When snow and ice roll in, driving gets more difficult – even for the most experienced drivers. Although many parts of the United States don’t experience snowstorms, cold and freezing temperatures can affect how your car works.
Ready Your Vehicle
The first step to safe winter driving is ensuring your car is ready for the season.
Before colder temperatures arrive:
- Check for recalls (your car may have a critical safety issue that needs to be repaired)
- Make sure your battery is charged and working well
- Fill up your gas tank (and keep it full or close to full)
- Plug in hybrid and electric vehicles whenever they are not in use
- Change your oil filter and consider a winter oil change (some manufacturers recommend thinner motor oil in the winter because cold weather makes oil thicker)
- Examine your belts and hoses
- Get your brakes inspected at the start of and midway through the season (and fill up with brake fluid formulated for the winter)
- Make sure your wiper fluid contains antifreeze (and purchase new wiper blades if you need them)
- Have tools (like a snow brush and scraper) to keep your windshield and windows clear
- Keep your tires properly inflated and check that they have good tread depth (you may also want to rotate your tires and invest in winter tires or snow chains)
- Check your exhaust pipe (a blocked pipe could cause toxic carbon monoxide leaks)
- Keep an emergency kit in your trunk (include – at the minimum – a snow shovel, a bag of salt or kitty litter, a blanket, snacks, and a bottle of water)
If you are expecting snow and ice, you should also understand how your vehicle behaves in these conditions. Try to find a large, empty, snowy parking lot to test out features like anti-lock brakes and all-weather tires. Practice stopping, starting, and turning to get a feel for how your car drives in the snow or ice.
Plan Your Trip
Whether you’re planning a road trip or a trip across town, use common sense. Give yourself plenty of extra time to arrive at your destination and check the weather before you go out. If there’s a blizzard, you may need to cancel your appointment or stay home from work, and if there’s any severe weather on a road trip route, you may want to change your travel plans.
In winter weather conditions, staying home is the safest bet. If you do go out, let someone you love know where you’re going and when you expect to arrive.
Before You Head Out
Many people prefer to warm up their cars before they head out for a chilly drive, but you should never start your vehicle in an enclosed area, like a garage. To avoid carbon monoxide poisoning, simply pull your car out of the garage and into the driveway before giving it time to get warm.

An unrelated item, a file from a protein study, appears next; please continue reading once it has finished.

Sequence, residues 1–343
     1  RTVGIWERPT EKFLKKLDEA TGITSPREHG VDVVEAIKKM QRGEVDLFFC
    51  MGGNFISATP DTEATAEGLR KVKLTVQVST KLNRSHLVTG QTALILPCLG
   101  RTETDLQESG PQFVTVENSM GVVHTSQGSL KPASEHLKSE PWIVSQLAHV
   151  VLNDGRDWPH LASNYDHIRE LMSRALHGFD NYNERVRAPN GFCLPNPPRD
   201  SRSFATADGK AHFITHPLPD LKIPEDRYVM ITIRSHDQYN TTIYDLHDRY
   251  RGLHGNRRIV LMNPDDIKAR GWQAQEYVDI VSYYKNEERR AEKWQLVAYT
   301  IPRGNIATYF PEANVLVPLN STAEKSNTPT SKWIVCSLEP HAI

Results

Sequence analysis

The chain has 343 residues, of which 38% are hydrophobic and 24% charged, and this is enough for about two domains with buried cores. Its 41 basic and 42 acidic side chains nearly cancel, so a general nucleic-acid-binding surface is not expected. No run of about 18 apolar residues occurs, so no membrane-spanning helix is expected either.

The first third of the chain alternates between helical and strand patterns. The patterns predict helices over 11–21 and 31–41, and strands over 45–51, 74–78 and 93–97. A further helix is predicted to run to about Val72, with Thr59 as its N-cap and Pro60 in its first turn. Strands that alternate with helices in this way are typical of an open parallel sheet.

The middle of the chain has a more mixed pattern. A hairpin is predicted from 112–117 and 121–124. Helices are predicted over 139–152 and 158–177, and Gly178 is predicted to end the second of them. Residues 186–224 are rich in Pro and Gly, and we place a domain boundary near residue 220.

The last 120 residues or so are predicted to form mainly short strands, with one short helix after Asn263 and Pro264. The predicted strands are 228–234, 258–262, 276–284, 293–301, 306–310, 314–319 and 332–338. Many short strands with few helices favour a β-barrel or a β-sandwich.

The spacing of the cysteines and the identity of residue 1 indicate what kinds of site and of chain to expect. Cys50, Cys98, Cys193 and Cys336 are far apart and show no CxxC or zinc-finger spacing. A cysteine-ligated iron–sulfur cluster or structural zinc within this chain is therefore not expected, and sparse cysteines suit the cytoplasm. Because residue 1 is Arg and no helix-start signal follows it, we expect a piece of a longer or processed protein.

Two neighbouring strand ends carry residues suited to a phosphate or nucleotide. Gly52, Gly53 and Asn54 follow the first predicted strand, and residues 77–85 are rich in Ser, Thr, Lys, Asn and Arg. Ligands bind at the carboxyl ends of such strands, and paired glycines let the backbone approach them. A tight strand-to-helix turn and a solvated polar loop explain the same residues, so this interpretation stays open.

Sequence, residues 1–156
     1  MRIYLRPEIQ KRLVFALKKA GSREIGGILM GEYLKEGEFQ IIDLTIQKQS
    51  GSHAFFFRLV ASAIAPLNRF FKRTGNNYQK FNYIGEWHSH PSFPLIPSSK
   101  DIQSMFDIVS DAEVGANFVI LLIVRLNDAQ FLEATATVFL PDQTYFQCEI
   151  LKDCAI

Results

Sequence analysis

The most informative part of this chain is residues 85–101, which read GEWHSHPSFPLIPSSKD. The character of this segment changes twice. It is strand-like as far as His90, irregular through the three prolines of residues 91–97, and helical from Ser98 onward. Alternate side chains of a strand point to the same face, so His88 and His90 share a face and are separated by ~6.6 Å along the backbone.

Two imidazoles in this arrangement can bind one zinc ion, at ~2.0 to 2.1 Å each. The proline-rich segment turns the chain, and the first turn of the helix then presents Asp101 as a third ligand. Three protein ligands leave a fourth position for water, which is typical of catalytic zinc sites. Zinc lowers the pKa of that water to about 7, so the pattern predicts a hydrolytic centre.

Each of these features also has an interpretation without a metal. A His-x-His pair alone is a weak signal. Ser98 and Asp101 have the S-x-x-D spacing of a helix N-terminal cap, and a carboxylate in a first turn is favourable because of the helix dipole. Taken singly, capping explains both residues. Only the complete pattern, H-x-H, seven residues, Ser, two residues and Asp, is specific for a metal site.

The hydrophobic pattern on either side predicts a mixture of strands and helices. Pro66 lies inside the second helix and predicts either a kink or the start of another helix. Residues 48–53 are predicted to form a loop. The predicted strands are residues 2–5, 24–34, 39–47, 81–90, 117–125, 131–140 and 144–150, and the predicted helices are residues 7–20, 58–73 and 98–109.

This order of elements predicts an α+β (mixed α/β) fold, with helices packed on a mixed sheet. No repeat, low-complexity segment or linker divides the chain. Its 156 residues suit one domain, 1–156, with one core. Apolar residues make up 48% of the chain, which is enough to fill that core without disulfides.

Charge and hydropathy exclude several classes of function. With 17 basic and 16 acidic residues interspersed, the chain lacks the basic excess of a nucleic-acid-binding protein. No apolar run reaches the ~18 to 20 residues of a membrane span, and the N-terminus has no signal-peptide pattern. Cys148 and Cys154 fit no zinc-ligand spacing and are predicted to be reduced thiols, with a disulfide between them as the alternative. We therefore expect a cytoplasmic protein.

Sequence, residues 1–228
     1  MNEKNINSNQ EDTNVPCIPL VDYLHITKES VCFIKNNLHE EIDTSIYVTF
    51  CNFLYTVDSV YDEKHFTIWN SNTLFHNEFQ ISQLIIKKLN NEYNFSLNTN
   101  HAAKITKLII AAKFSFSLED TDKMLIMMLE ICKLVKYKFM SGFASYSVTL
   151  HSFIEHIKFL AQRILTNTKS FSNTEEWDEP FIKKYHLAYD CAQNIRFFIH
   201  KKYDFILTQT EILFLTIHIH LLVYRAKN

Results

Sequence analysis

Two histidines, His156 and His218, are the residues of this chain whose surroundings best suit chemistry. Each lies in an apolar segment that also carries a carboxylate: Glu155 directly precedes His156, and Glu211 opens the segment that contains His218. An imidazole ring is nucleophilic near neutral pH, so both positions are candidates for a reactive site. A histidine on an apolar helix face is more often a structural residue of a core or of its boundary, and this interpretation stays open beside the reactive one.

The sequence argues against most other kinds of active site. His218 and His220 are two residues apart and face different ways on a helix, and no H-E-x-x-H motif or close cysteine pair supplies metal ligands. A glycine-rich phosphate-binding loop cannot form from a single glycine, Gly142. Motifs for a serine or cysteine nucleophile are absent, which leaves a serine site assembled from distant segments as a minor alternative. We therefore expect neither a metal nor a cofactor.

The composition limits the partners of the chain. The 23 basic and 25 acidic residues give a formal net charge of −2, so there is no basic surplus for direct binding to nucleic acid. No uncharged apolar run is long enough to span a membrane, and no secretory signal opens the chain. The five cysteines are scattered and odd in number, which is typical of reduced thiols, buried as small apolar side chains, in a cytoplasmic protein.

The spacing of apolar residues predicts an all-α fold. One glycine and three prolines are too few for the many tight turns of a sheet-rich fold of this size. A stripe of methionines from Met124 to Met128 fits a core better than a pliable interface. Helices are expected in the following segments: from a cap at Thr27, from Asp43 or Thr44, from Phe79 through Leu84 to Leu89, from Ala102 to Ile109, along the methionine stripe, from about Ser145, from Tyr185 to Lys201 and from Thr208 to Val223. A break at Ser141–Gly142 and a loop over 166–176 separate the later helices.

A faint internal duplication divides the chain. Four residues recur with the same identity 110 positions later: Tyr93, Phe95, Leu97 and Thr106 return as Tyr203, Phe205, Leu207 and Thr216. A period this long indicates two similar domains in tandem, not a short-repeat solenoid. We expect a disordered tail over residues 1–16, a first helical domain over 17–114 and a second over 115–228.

Bring your phone along on any journey you take, along with a full charge and a car charger. You never know when you’ll have an emergency, you can let people know if you’re running late, and you can call for help if you need it. Nevertheless, try to keep your phone in the glove compartment or out of sight while driving, as it can be a deadly distraction – the last thing you need while dealing with winter road conditions.
Whenever there is snow or ice on the road, slow down. Allow more space between yourself and other vehicles so you have more time to recover if you lose control of your car. Try to drive slow enough for conditions but fast enough that you don’t interrupt the flow of traffic. Accelerate and decelerate slowly to maintain traction and avoid skids. If you do skid, steer into the skid until you regain control of your vehicle and use the ball of your foot to apply firm, steady pressure on the brake pedal.
Keeping momentum is better than stopping and accelerating, so if you can slow down enough to keep rolling until a traffic light changes, do so instead of stopping for the light. You should also exercise caution on hills – build inertia before taking on an uphill stretch of road and do not stop midway up a hill if you can avoid it. Instead, reduce your speed at the top of a hill and proceed downhill slowly. You should also drive carefully on bridges, lesser-used roads, and roads that are not exposed to sunlight, as they may be icy even if other areas are not.
Although keeping a constant speed is ideal for winter driving conditions, do not use cruise control. You need to be 100% focused and 100% in control of your vehicle at all times. Avoid risky driving behaviors like speeding, driving under the influence of drugs or alcohol, or using your mobile phone behind the wheel.
Keep an eye out for large vehicles like snowplows, which need extra space, and be alert to animals near the roadways.
Remember that safe driving is a year-round endeavor. Always buckle up and make sure children are in age- and size-appropriate child seats.
Bonus: Tips for Getting Stuck in the Snow and Dealing with Accidents
The weather can be unpredictable, and you might find yourself stranded in a storm.
If you get stuck in the snow:
- Make sure you and your car are in a safe space
- Stay with your car at all times (do not try to walk and get help)
- Keep the exhaust pipe clear
- Conserve your heat and energy
- Call for help if you have cell service
- Signal distress by keeping your dome light on and tying a brightly colored piece of cloth to your antenna (or tucking it at the top of a rolled-up window)
- Stay tuned to the radio or GPS for updates about the storm and emergency responses
- Run your car sporadically to conserve fuel (let the heater run just long enough to rid yourself of chill)
- Bundle up to keep warm
- Wait for help to arrive – someone will come!
Unfortunately, storms are far from the biggest risk when driving in the winter. If you are injured by a negligent driver, you may be entitled to compensation. While no amount of money can change what happened, having the right resources is essential for coping with the aftermath of an accident.